The Christmas story is a remarkable testimony of how the Father used a young lady to partner with Him in bringing His Son to the earth. It is a glorious story that reveals how He leads His people and how He wants them to respond to His leadership.
When the angel Gabriel told Mary she would conceive and bear the Messiah, Mary responded by trusting the Lord's leadership. God is looking for this kind of heart response in His people.
As we look at the Christmas story, we should not merely admire the nobility of Mary's choices. In fact, Mary's life is a model that can inspire us to respond rightly to God's leadership throughout our lives, especially in seasons when circumstances become difficult.
Gabriel visited Mary, saying, "Rejoice, highly favored one, the Lord is with you; blessed are you among women!" (Luke 1:28b, NKJV).
Can you imagine Gabriel appearing to you and declaring such wonderful things about your life? You would expect that being favored by God would mean you would have a life of remarkable blessed circumstances. However, the glorious promises of God that Mary received would unfold slowly through many surprising, difficult seasons. Mary would need to hold on to and remember Gabriel's encouraging words throughout her life as she carried the promises of God in her heart.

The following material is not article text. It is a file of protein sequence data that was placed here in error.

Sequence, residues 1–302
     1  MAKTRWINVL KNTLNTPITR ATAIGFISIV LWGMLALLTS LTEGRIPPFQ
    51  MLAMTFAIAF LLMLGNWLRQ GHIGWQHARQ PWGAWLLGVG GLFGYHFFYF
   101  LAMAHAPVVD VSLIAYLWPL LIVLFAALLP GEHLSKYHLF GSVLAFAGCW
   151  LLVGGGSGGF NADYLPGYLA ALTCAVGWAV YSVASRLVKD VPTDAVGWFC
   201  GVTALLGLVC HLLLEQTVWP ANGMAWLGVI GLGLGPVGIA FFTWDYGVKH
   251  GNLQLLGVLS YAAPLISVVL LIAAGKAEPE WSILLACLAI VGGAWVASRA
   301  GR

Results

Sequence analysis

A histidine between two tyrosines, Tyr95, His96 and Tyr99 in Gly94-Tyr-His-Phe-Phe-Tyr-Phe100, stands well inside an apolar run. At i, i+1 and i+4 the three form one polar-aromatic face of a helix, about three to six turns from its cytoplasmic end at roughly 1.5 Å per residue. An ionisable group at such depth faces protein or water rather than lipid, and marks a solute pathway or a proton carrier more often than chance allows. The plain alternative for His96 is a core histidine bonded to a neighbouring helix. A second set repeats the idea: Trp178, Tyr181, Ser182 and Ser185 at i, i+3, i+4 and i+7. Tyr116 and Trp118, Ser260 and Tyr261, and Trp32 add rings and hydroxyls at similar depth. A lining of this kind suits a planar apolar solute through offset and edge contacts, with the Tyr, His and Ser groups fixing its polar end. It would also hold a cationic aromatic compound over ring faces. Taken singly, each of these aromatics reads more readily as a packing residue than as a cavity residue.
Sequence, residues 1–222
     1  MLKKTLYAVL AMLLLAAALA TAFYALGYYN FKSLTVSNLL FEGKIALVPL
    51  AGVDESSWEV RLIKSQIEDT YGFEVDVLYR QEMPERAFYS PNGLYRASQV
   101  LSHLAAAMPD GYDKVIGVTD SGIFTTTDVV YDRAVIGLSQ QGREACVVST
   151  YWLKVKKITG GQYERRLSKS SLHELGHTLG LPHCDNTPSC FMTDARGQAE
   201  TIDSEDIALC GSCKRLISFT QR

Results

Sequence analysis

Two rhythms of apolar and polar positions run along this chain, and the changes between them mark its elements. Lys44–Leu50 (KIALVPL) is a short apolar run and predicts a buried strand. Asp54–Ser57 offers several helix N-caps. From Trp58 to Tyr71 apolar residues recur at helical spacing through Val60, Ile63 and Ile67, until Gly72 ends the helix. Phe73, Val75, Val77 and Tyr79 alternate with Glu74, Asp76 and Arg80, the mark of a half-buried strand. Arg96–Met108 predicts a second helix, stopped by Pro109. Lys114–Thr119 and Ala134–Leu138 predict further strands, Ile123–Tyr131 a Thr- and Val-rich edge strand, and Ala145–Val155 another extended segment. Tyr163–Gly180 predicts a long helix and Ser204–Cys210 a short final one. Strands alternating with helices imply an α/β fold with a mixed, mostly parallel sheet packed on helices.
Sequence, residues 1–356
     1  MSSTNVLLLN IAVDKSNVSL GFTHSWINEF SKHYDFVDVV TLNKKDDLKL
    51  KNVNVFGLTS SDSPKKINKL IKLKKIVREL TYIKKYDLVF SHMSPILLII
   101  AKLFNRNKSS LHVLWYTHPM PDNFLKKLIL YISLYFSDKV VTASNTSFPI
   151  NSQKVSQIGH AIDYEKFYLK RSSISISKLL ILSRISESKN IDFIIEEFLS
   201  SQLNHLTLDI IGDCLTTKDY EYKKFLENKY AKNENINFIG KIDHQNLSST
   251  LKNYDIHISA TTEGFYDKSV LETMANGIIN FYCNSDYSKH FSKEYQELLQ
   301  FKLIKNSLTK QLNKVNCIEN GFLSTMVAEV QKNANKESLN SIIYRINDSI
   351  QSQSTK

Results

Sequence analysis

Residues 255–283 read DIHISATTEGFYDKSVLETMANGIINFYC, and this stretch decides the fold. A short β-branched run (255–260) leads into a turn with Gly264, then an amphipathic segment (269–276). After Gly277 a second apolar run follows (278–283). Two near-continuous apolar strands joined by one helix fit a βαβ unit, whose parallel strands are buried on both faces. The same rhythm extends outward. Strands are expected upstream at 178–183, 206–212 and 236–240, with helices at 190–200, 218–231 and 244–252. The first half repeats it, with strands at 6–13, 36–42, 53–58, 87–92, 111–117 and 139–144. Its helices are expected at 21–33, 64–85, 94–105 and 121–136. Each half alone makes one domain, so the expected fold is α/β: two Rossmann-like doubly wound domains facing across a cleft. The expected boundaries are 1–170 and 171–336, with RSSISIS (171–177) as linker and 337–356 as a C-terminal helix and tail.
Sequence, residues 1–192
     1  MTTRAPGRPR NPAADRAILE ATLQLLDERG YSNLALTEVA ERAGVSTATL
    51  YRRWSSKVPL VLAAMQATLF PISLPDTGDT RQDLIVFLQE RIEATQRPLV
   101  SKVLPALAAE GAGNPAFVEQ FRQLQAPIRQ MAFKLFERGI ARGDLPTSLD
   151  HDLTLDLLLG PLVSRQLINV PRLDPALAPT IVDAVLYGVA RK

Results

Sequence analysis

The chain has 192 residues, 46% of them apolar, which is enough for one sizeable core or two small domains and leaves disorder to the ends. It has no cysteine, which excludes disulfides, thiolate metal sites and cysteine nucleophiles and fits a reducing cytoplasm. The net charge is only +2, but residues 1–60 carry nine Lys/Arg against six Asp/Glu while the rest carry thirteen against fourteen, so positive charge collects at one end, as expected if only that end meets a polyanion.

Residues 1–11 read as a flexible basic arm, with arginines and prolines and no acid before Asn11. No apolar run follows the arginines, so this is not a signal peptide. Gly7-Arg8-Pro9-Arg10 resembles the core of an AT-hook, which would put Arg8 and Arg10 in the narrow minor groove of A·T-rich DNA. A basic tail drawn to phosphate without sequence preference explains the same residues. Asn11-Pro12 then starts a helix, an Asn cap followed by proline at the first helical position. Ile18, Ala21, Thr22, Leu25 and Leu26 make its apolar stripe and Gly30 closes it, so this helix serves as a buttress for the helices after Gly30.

After greeting Mary, Gabriel told her she would conceive by the Holy Spirit and bear a Son, Jesus. He revealed to Mary that her Son would be great and would be called the Son of the Highest. Her Son, Jesus, would be given the throne of David and would reign forever. Gabriel was summarizing what Isaiah had prophesied hundreds of years earlier: "For unto us a Child is born, unto us a Son is given, and the government will be upon His shoulder. And His name will be called Wonderful, Counselor, Mighty God, Everlasting Father, Prince of Peace" (Isa. 9:6).
Mary knew these prophetic Scriptures well, and now Gabriel told her she would bear the Messiah of whom they foretold. But instead of shrinking back in fear or unbelief, Mary responded to these glorious promises with a willing heart for God to do to her as He had said. She believed Him.